Rococo Picture Frames
See above a collection of Rococo frames for sale. All of them are exclusive reproductions that you can purchase personalized as you want. As Rococo style picture frames developed mostly in France, during the 18th century, the majority of our models are French.
Just a few of the displayied Rococo frames are lacquered. The French gilders used black and white paint, while the Venetians used green. Feel free to change the color of lacquer and the section width of any model at your convinience.
French Rococo picture Frames
Rococo Frames belong to a major art movement called Rococo art, which appeared around the 1730s in Western Europe. In fact, France and Italy were the most important protagonists of the scene. During the second half of the 18th century, the Rococo style spread over central Europe replacing entirely what remained of the Baroque art.
Rococo frames reached their maximum expression under the government of Louis XV. Also, the movement is called Rocaille and it represents the final evolution of Baroque art. For this reason, Rococo style picture frames are plenty of decorations characterized by intricate leaves.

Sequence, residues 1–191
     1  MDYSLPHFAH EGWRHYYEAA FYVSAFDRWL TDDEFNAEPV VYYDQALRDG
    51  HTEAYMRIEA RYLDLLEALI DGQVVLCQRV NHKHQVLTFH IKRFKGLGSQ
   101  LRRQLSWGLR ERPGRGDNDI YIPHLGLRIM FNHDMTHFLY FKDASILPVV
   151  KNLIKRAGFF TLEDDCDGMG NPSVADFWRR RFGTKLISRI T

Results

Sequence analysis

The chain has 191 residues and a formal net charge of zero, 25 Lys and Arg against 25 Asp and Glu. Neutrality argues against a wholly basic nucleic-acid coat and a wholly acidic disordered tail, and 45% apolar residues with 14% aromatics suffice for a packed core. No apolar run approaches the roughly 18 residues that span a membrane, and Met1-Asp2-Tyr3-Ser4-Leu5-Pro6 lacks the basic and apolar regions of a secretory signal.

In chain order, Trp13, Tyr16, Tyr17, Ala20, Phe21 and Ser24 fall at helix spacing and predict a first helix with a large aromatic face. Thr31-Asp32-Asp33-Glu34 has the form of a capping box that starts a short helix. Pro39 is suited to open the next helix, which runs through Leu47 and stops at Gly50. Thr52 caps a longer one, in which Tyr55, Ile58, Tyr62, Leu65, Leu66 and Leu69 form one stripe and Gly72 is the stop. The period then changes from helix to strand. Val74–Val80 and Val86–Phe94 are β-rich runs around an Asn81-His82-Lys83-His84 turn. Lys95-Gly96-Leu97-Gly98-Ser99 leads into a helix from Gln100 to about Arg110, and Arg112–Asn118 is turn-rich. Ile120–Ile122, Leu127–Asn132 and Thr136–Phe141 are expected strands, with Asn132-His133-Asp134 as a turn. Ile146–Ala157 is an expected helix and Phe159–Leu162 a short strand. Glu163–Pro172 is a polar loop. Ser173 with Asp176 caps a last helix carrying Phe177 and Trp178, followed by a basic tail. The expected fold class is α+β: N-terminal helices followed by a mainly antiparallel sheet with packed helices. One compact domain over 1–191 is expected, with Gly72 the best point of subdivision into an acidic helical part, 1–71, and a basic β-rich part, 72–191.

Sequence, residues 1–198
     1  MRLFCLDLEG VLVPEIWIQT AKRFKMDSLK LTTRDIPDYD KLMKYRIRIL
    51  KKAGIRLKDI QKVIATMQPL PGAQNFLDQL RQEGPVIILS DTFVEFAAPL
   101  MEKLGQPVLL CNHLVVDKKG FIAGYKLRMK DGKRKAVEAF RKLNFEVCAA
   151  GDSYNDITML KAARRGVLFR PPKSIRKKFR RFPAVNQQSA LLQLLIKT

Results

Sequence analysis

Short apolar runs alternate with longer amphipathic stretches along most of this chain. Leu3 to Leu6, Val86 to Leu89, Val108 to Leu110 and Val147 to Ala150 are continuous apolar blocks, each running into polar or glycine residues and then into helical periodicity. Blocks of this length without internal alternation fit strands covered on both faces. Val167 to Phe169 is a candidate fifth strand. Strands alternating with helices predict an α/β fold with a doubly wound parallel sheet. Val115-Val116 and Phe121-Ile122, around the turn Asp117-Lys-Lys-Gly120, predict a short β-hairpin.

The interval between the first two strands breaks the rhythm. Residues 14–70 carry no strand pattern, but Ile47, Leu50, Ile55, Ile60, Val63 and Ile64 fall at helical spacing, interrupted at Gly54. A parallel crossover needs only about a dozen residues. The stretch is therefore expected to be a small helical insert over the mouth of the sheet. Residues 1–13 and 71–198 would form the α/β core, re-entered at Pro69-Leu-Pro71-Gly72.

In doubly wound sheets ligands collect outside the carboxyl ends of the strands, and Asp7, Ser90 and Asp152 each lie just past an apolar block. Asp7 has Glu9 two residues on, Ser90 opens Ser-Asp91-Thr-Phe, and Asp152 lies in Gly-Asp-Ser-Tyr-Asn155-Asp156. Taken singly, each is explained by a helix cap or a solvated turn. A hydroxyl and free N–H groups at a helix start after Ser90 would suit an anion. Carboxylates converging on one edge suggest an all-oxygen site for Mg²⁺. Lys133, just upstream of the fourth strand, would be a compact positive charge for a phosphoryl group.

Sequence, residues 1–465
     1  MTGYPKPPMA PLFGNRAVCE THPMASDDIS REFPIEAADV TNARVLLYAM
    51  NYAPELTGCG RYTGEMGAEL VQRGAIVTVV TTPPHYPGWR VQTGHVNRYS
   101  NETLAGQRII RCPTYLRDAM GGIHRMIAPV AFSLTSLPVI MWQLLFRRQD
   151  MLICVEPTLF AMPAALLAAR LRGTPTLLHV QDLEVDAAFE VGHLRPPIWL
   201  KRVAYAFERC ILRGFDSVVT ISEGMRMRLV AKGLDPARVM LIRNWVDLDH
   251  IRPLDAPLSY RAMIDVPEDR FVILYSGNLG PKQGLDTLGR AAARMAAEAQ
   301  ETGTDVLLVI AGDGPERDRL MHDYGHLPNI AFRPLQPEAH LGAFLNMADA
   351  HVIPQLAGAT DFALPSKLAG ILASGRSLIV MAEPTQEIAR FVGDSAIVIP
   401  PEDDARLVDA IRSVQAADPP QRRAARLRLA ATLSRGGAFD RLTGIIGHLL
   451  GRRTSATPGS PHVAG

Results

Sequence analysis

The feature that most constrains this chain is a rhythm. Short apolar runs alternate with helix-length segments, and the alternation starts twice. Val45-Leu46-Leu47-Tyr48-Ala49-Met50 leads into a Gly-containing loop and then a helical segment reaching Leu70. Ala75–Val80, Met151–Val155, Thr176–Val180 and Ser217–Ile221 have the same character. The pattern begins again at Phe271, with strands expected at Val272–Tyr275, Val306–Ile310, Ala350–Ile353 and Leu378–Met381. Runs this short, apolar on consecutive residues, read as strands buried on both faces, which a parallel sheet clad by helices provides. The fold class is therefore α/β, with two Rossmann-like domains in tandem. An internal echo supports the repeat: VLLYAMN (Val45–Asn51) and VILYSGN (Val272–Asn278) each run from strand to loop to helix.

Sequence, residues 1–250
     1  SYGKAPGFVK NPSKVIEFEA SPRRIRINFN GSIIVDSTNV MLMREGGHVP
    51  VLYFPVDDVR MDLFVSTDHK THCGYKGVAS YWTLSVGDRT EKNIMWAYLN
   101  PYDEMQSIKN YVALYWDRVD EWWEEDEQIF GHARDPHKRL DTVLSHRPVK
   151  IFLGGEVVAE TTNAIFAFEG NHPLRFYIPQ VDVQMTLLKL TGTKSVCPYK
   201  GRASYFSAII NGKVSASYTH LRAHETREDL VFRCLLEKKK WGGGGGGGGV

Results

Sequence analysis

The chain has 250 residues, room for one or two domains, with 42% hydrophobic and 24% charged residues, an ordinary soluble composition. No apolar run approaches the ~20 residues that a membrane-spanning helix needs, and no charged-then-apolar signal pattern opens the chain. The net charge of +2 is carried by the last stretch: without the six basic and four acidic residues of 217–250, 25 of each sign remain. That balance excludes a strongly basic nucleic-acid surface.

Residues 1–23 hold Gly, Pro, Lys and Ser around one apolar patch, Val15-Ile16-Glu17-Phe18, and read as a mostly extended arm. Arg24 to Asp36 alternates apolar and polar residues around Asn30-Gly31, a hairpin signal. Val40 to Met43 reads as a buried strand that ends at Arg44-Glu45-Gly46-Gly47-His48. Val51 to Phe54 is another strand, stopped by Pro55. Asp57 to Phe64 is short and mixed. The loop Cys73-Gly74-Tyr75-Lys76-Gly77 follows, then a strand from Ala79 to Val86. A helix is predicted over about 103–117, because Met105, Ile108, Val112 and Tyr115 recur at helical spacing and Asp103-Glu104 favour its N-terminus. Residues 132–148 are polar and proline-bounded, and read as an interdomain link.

In terms of shape, Rococo style picture frames are lighter and more refined than Baroque Frames. The real difference between the two styles is given by an asymmetrical use of the ornaments on the Rococo models. This is a characteristic that appeared for the first time in artistic styles.
Even though Europe produced different types of models, we believe that French Rococo picture frames are the best, at least in terms of balance and shapes. Probably their primacy is due to the power of the French nation at the time.
venetian Rococo Frames
During the 18th century, in contrast to France, Italy was not unified under a unique kingdom. That could be the primary cause of the production of so diverse Italian Rococo picture frames.
Indeed, if we compare Venetian frames, Roman frames, and Tuscany models, we instantly realize that they don’t have much in common. As a result, an observer can’t even pick similarities among them in terms of structures.
The Republic of Venice produced a significant variety of Rococo style picture frames. Thus, they are the most famous referring to Italian production. The importance of the “Serenissima”, as Venice was called, was already declining at that time, and the Rocaille trend would have been the last splendor representation of the dying republic.
Venetian Rococo frames are the evidence of an extraordinary integration between different styles and artistic knowledge. The Venetian craftsmen have been able to mix centuries of styles and decorative skills. In short, we are proud to say that such a small republic could compete against the splendor of France.